• 2000 - I'm John Lee Hooker (Charly -with bonus tracks) his very first LP, 1955–1959 recordings - reissued on SNAP in 2003 and without bonus tracks on Shout!Factory in 2007
  • 2000 - Travelin' (Charly -with bonus tracks) the great LP session of 1960- reissued on SNAP in 2003
  • 2000 - The Folk Lore of John Lee Hooker (Charly -with bonus tracks) his third VJ LP - reissued on SNAP in 2003
  • 2000 - Burnin' (Charly -with bonus tracks) the fourth VJ LP, 1962 - reissued on SNAP in 2003
  • 2000 - The Complete - Vol. 1 1948-49 [Body & Soul 2CD]
  • 2000 - The Complete - Vol. 2 1949 [Body & Soul 2CD]
  • 2001 - The Complete - Vol. 3 1949-50 [Body & Soul 2CD]
  • 2001 - House Rent Boogie (Ace) Modern compilation of rare early 1950s recordings
  • 2001 - Testament - 3CDbox featuring some of the very best Vee-Jay recordings (Charly/Snapper)
  • 2002 - The Complete - Vol. 4 1950-51 [Body & Soul 2CD]
  • 2002 - The Real Folk Blues/More Real Folk Blues (Chess) 1966 recordings; reissue of the 1991 CD "The Complete Chess Folk Blues Sessions"
  • 2002 - Giant of Blues (FruitTree 2CD) Charly license featuring 20 of the "Testament" tracks
  • 2003 - Boogie Chillen' (Audio Fidelity) 1949–1952 Besman and Siracuse (engineer) compilation
  • 2003 - Blues Kingpins - Blues Immortal (Virgin) 1948–1955 Modern anthology
  • 2004 - Early Years - The Classic Savoy Sessions (Metro Doubles 2CD) recorded 1948 and 1961 - comprising the tracks from "Savoy Blues Legends" (Savoy in 1999 and 2003) and the 1961 Savoy recordings from "Sittin' Here Thinkin'" (32Blues in 2004 with the bonus track)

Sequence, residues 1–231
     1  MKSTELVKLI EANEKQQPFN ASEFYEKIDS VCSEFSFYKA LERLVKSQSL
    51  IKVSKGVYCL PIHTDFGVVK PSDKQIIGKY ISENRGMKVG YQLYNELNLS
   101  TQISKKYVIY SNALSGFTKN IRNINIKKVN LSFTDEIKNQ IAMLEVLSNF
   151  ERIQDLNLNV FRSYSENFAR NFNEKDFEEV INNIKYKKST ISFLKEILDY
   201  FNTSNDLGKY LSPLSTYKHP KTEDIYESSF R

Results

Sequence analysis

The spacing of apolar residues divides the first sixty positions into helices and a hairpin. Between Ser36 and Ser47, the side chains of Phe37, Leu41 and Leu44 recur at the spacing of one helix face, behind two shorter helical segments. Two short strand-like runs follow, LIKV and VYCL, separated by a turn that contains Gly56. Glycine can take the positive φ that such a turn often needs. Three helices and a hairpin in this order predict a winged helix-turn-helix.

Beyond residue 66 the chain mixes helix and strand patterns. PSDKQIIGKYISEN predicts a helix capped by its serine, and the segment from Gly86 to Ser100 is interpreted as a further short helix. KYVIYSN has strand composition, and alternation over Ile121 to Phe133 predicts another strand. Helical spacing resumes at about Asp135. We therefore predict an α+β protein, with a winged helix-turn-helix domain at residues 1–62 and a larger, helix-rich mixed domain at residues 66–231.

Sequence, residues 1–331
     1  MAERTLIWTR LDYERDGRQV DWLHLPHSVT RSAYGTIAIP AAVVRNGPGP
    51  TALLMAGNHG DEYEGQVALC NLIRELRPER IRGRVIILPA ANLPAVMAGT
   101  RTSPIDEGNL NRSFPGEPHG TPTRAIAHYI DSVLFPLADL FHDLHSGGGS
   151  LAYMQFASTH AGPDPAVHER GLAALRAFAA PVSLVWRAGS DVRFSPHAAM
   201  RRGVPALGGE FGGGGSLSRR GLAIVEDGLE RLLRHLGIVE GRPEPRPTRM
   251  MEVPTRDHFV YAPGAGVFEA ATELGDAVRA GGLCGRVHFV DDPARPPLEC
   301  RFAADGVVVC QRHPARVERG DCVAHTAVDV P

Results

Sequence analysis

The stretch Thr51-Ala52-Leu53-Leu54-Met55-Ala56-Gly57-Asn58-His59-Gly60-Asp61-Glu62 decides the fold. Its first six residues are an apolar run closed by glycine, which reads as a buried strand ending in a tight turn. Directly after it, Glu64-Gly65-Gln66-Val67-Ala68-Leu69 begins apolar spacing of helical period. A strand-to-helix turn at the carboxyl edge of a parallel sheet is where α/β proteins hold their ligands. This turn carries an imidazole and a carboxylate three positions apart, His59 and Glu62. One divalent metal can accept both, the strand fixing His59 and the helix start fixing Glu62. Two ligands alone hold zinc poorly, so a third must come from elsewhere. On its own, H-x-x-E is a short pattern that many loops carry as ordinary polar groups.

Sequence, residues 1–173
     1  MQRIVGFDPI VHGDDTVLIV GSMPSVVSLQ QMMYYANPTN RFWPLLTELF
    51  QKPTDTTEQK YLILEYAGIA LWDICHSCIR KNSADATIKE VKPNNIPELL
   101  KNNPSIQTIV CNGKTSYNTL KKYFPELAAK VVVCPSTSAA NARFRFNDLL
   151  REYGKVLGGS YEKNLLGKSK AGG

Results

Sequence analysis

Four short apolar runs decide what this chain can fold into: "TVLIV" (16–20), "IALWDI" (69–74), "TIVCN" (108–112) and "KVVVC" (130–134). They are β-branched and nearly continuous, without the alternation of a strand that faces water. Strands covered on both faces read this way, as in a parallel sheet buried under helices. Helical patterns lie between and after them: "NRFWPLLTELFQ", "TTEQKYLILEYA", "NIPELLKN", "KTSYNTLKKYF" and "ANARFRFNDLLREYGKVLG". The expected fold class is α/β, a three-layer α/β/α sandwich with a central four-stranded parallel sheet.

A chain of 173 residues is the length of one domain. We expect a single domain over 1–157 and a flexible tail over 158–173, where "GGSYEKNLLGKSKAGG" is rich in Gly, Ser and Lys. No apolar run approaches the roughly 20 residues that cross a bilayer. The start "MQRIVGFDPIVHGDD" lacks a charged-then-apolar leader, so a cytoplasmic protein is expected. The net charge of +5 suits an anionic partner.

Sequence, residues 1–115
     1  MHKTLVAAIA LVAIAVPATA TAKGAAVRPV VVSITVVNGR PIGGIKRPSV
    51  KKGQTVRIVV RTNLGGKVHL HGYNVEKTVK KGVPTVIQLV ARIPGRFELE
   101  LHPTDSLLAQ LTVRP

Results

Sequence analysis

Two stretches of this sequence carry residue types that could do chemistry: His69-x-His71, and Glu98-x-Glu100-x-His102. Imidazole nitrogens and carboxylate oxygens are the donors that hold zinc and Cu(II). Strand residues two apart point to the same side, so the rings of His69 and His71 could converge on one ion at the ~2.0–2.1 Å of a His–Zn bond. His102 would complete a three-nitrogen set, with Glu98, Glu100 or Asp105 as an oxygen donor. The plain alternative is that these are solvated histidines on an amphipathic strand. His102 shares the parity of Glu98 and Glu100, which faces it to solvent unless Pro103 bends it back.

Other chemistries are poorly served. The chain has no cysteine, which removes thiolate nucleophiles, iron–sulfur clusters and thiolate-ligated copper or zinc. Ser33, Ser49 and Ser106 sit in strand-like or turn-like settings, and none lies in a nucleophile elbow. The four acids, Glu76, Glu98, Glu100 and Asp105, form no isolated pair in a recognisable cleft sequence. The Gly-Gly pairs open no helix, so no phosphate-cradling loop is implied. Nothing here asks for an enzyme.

• 2004 - I'm A Boogie Man (Varèse Sarabande) Vintage 1948–1953 Texas Slim and John Lee Booker (King/De Luxe tracks featuring all the King singles)
  • 2004 - The Complete - Vol. 5 1951-53 [Body & Soul 2CD]
  • 2005 - The Complete - Vol. 6 1953-54 [Body & Soul 2CD]
  • 2005 - Blues Is The Healer (Membran), 149 songs from the early years in a German 10-CD box set
  • 2006 - Hooker (4 disc chronological anthology covering his entire career) (Shout!Factory)
  • 2006 - The Boogie Man 1948–1955 (Charly 4 CDBox) - not identical to Charly's rare CD DIG 5 (but this time also featuring Modern recordings)
  • 2007 - Gold (Hip-O Select 2CD) 1948–2001 chronological anthology
  • 2009 - John Lee Hooker Anthology: 50 Years (Shout! Factory 2CD) 1948–1998 chronological anthology
  • 2009 - From Detroit to Chicago 1954-1958 (SagaBues46) Modern, Battle, and early Vee-Jay singles
  • 2010 - At His Very Best (MetroUnionSquare 2CD) Vee-Jay compilation and some live recordings
  • 2010 - Blues In Transition (Jasmine 2CD) Vee-Jay 1956–1959 plus the two Riverside sessions 1959 (50 tracks)

Film[edit]Edit